22. 22.
    Wood FT, Wu MM, Gerhart JC: The radioactive labeling of proteins with an iodinated amidination reagent. Anal Biochem 69:339, 1975.PubMedCrossRefGoogle Scholar
  23. 23.
    Habener JF, Kronenberg HM: Parathyroid hormone biosynthesis: structure and function of biosynthetic precursors. Fed Proc 37:2561, 1978.PubMedGoogle Scholar
  24. 24.
    Zull JE, Chuang J: Further studies on acetamidination as a technique for preparation of biologically valid 3H labeled tracer for PTH. J Biol Chem 250:1668, 1975.PubMedGoogle Scholar
  25. 25.
    Bolton AE: Radioiodination Techniques. Amersham Corporation, Arlington Heights, IL, 1978.Google Scholar
  26. 26.
    Weast RC (Ed.): Handbook of Chemistry and Physics, 59th ed. CRC Press, West Palm Beach, Fla., 1978.Google Scholar
  27. 27.
    Segre GV, Rosenblatt M, Reiner BL, Mahaffey JE, Potts JT Jr: Characterization of parathyroid hormone receptors in canine renal cortical plasma membranes using a radioiodinated sulfur-free hormone analogue. J Biol Chem 254:6980, 1979.PubMedGoogle Scholar
  28. 28.
    As performed in the laboratories of CD Arnaud and SB Arnaud, personal communication.Google Scholar
  29. 29.
    Sutcliffe HS, Martin TJ, Eisman JA, Pikczyk R: Binding of PTH to bovine kidney cortex plasma membranes. Biochem J 134:913, 1973.PubMedGoogle Scholar
  30. 30.
    Schräder WT, O’Malley BW (Eds.): Laboratory Methods Manual for Hormone Action and Molecular Endocrinology, 6th edition. Houston Biological Association, Houston, 1981.Google Scholar
  31. 31.
    Yalow RS, Berson SA: Immunoassay of plasma insulin. In Glick D (Ed.): Methods of Biochemical Analysis, vol. 12. Interscience Publishers, New York, p. 69, 1964.CrossRefGoogle Scholar
  32. 32.
    Neuman WF, Neuman MW, Sammon PJ, Lake K: The metabolism of labeled parathyroid hormone. II. Methodological studies. Calcif Tissue Res 18:241,1975.PubMedCrossRefGoogle Scholar
  33. 33.
    Abbott SR: Doctoral dissertation, University of Leeds, England, 1980.Google Scholar
  34. 34.
    Nissenson RA, Arnaud CD: Properties of the parathyroid hormone receptor adenylate cyclase system in chicken renal plasma membranes. J Biol Chem 254:1469, 1978Google Scholar
  35. 35.
    Zanelli JM, O’Hare MJ, Nice EC, Corran PH: Purification and assay of bovine parathyroid hormone by reversed-phase high performance liquid chromatography. J Chromatogr 223:59, 1981.PubMedCrossRefGoogle Scholar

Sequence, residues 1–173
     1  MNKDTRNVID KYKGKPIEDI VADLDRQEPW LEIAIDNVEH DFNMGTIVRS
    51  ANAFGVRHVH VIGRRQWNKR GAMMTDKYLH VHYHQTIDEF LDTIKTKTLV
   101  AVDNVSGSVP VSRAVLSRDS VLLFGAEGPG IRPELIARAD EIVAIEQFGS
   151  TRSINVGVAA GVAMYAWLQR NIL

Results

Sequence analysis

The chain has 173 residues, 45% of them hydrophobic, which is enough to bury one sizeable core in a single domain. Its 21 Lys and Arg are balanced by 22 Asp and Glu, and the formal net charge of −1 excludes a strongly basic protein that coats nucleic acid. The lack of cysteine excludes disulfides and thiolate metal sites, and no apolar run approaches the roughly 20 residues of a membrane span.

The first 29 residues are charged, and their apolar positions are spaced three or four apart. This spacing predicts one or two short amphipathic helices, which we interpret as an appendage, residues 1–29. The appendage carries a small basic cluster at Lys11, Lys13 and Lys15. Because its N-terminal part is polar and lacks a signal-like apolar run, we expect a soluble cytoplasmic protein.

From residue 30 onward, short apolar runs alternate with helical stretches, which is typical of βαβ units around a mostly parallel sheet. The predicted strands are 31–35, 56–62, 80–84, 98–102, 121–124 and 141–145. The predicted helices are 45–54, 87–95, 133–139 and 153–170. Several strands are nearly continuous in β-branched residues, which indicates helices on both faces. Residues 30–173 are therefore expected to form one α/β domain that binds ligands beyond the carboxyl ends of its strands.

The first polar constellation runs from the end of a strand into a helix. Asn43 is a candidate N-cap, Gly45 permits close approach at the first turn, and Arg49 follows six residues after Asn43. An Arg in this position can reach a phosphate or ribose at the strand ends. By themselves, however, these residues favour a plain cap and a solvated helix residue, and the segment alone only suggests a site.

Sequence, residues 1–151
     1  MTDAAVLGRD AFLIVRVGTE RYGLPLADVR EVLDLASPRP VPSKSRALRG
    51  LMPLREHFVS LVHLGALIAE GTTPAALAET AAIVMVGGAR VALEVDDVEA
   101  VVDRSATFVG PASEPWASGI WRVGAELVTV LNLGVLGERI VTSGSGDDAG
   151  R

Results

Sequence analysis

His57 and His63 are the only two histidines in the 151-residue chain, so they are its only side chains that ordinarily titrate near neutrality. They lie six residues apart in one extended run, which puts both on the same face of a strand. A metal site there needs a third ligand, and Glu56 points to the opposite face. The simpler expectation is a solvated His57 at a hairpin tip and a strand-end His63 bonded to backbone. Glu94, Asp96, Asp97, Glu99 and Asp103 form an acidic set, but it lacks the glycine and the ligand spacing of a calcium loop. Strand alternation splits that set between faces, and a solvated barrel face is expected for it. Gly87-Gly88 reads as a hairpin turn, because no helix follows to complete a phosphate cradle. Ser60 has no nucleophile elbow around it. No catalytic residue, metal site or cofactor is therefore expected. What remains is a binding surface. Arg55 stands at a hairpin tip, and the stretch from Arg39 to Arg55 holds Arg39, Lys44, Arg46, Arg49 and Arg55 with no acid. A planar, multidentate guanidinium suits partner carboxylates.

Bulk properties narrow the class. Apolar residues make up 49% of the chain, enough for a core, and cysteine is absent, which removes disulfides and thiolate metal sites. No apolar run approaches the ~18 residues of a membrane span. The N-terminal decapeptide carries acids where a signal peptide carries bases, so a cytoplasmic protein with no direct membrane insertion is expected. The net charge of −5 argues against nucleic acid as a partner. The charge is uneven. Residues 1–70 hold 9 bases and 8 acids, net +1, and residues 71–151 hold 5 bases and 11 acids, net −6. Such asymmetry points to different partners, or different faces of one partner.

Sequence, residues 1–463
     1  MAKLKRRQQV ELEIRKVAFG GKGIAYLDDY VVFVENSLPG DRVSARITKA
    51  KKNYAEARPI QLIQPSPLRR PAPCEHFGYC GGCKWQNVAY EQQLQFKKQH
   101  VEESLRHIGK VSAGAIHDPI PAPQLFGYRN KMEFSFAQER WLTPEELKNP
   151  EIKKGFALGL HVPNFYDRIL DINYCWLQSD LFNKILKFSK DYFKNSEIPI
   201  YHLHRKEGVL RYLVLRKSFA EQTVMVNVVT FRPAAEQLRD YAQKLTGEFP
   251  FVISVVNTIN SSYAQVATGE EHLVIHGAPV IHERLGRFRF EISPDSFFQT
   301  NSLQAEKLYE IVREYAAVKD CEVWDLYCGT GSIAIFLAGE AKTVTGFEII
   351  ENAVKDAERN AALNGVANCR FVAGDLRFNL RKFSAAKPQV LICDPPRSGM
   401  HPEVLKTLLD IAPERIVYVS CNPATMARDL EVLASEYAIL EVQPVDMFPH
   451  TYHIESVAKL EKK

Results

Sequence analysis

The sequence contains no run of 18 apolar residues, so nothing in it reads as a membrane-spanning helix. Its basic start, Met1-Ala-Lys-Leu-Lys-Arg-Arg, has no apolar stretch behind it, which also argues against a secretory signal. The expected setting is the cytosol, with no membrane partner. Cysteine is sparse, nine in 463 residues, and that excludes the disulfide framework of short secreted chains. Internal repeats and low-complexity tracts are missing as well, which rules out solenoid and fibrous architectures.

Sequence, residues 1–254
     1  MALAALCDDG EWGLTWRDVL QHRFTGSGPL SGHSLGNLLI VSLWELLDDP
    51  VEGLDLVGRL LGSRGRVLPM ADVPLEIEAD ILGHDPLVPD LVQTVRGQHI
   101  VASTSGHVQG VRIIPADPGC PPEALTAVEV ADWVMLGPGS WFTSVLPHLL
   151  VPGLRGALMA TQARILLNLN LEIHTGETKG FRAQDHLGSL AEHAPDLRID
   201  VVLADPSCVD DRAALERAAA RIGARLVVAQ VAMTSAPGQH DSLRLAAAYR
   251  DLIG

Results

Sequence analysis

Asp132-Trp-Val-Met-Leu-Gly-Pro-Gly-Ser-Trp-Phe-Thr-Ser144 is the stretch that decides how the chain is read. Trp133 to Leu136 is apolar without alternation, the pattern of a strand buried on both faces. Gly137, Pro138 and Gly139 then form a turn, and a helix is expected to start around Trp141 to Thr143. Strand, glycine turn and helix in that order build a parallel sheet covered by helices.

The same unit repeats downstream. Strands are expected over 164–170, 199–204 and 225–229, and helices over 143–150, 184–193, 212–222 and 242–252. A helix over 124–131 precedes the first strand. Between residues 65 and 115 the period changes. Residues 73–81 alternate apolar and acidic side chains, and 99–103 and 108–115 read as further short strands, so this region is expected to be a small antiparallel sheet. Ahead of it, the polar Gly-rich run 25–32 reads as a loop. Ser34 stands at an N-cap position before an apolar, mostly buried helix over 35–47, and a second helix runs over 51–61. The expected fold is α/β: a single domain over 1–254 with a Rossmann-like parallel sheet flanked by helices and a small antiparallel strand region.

36. 36.
    Bennett HPJ, Solomon S, Goltzman D: Isolation and analysis of human parathyrin in parathyroid tissue and plasma. Biochem J 197:391, 1981.PubMedGoogle Scholar
  37. 37.
    Nissenson RA, Abbott SR, Teitelbaum AP, Clark O, Arnaud CD: Endogenous biologically active human parathyroid hormone: measured by a guanyl nucleo-tide-amplified renal adenylate cyclase assay. J Clin Endocrinol Metab 52:840, 1981.PubMedCrossRefGoogle Scholar
  38. 38.
    Segre GV, Rosenblatt M, Reiner BL, Mahaffey JE, Potts JT Jr: Characterization of parathyroid hormone receptors in canine renal cortical plasma membranes using a radioiodinated sulfur-free hormone analogue. J Biol Chem 254:6980, 1979.PubMedGoogle Scholar
  39. 39.
    Rasmussen H, Shirasu H, Ogata E, Hawker C: Parathyroid hormone and mitochondrial metabolism. J Biol Chem 242:4669, 1967.PubMedGoogle Scholar
  40. 40.
    Raisz LG, Niemann FI: Effect of phosphate, calcium and magnesium on bone resorption and hormonal responses in tissue culture. Endocrinology 85:446, 1969.PubMedCrossRefGoogle Scholar
  41. 41.
    Goltzman D, Henderson B, Loveridge N: Cytochemical bioassay of parathyroid hormone. J Clin Invest 65:1309, 1980.PubMedCrossRefGoogle Scholar
  42. 42.
    Parsons JT: A bioassay for PTH using chicks. Endocrinology 92:454, 1973.PubMedCrossRefGoogle Scholar
  43. 43.
    Munson PL: Biological assay of PTH. In Greco RO, Talmage RV (Eds.): The Parathyroids. Charles C. Thomas, Springfield, IL, p. 94, 1961.Google Scholar
  44. 44.
    Hirsch PF, Voelkel EF, Munson PL: Thyrocalcitonin: hypocalcemic hypophos-phatemic principle of the thyroid gland. Science 146:412, 1964.PubMedCrossRefGoogle Scholar
  45. 45.
    Arnaud CD, Tsao HS: Porcine calcitonin. Simple procedure for isolation in high yield. Biochem 8:449, 1969.CrossRefGoogle Scholar
  46. 46.
    Scarpace PJ, Neuman WF, Raisz LG: Metabilism of radioiodinated calcitonin in rats. Endocrinology 100:1260, 1977.PubMedCrossRefGoogle Scholar
  47. 47.
    Loreau N, LaJotte C, Wahbe F, Ardaillou R: Effects of guanyl nucleotides on calcitonin-sensitive adenylate cyclase and calcitonin binding in rat renal cortex. J Endocrinol 76:533, 1978.PubMedCrossRefGoogle Scholar
  48. 48.
    Tashjian AH Jr, Wright DR, Ivey JL, Pont A: Calcitonin binding sites in bone: relationships to biological response and “escape.” Recent Prog Horm Res 34:285, 1978.Google Scholar

Copyright information

© Springer-Verlag New York Inc. 1983

Authors and Affiliations

  • Anne P. Teitelbaum

There are no affiliations available

Personalised recommendations